The world’s eyes are shifting toward India as the next big market to watch, especially for those of us who keep tabs on the global tech scene. It was inevitable, then, that people would start comparing startup ecosystems of the archetypal United States and this fast-emerging powerhouse. Almost like a right of passage, every major startup scene in the world gets stacked up against Silicon Valley as a bellwether for how far it’s come and how far it has yet to go. Whether a direct comparison ultimately benefits India or not is debatable, as many would argue India shouldn’t model its startup ecosystem after Silicon Valley, but it’s still interesting to see the contrast solely based on statistical evidence. That’s what TiE, a group of Silicon Valley entrepreneurs and executives with roots in the Indus region, has done with its latest infographic. TiE’s graphic compares four major startup hubs in India with their theoretical counterparts in the US; Bangalore versus Silicon Valley, New Delhi versus New York City, etc. Each comparison shows the cities’ 2013 population, number of startups, amount of investment capital, number of IPOs, and average valuation per startup.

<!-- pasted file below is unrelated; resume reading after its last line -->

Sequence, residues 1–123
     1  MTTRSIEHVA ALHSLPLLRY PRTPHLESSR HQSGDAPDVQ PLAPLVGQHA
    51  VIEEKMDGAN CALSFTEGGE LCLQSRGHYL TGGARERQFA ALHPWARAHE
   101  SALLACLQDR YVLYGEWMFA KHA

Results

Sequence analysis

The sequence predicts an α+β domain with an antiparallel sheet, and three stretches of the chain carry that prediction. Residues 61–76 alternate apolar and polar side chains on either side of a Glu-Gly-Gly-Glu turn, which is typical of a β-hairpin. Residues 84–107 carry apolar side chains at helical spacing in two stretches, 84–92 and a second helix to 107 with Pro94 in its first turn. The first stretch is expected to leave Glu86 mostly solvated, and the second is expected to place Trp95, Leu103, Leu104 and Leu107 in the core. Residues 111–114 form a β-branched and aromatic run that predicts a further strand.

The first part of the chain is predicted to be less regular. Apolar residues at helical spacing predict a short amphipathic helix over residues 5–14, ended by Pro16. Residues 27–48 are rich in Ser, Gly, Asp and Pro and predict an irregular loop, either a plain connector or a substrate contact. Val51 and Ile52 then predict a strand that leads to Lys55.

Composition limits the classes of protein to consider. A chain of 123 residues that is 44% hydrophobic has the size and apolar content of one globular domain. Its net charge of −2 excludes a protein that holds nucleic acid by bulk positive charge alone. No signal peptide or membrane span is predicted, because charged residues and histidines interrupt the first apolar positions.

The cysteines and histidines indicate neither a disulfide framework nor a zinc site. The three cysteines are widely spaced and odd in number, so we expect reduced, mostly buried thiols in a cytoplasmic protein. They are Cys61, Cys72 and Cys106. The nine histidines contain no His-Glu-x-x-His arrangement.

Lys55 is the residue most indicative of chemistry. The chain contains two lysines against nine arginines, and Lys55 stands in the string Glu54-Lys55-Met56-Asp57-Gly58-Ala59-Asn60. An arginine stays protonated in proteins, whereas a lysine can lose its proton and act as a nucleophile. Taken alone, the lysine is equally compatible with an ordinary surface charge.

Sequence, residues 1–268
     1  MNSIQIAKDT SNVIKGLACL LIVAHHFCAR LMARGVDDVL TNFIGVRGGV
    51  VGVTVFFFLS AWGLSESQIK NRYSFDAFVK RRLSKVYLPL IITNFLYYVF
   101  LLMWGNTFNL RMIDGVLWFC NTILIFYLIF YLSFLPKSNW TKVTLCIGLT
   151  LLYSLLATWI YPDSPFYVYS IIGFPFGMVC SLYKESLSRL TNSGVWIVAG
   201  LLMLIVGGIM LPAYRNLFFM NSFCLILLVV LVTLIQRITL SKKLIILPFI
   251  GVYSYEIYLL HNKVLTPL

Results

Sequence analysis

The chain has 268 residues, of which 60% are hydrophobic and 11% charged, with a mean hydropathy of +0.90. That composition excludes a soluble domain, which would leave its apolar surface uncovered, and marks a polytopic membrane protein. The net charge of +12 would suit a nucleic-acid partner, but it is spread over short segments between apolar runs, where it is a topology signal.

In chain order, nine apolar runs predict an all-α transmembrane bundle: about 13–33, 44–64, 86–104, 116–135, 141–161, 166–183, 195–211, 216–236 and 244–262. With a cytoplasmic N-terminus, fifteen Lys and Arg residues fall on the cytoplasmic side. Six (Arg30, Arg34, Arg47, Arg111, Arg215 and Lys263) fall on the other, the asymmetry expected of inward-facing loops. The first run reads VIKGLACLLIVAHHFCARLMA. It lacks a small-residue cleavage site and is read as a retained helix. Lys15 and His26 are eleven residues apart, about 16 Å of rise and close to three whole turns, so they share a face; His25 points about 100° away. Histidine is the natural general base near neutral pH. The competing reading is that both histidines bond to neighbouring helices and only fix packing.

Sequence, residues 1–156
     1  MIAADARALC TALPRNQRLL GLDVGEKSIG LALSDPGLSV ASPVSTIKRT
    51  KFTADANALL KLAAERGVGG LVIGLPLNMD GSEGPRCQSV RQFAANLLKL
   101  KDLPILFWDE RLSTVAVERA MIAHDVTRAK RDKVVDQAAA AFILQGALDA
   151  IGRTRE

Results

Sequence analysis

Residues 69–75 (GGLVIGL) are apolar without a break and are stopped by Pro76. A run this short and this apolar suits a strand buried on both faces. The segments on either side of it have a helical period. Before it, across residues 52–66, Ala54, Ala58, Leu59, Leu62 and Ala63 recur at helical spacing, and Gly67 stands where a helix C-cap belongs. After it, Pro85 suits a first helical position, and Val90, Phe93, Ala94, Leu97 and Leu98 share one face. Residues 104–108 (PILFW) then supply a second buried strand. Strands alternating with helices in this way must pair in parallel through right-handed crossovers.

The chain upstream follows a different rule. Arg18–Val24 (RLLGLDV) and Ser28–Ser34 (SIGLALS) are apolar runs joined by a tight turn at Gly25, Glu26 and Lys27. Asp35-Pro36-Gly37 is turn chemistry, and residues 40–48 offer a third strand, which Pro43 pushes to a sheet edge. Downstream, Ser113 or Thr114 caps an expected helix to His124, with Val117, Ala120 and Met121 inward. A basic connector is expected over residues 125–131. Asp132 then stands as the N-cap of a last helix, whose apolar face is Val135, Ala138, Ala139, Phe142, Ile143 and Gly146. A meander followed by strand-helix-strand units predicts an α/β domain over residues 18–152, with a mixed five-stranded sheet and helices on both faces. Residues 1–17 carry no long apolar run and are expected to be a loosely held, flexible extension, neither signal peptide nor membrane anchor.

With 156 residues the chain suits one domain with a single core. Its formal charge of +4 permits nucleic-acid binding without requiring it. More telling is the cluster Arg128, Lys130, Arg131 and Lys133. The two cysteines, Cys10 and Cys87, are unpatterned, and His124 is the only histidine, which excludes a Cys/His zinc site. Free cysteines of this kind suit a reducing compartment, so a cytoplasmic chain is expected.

Y Combinator’s new head macher has taken to the blogosphere to renew a call made roughly five years ago for the U.S. to create a “founders visa.”
Initially proposed by Paul Graham (Y Combinator’s original honcho) as a way to bring 10,000 new entrepreneurs to U.S. shores, Sam Altman is proposing a more modest 100 visas to be granted to Y Combinator to select founders that would be eligible to launch startup companies in the States.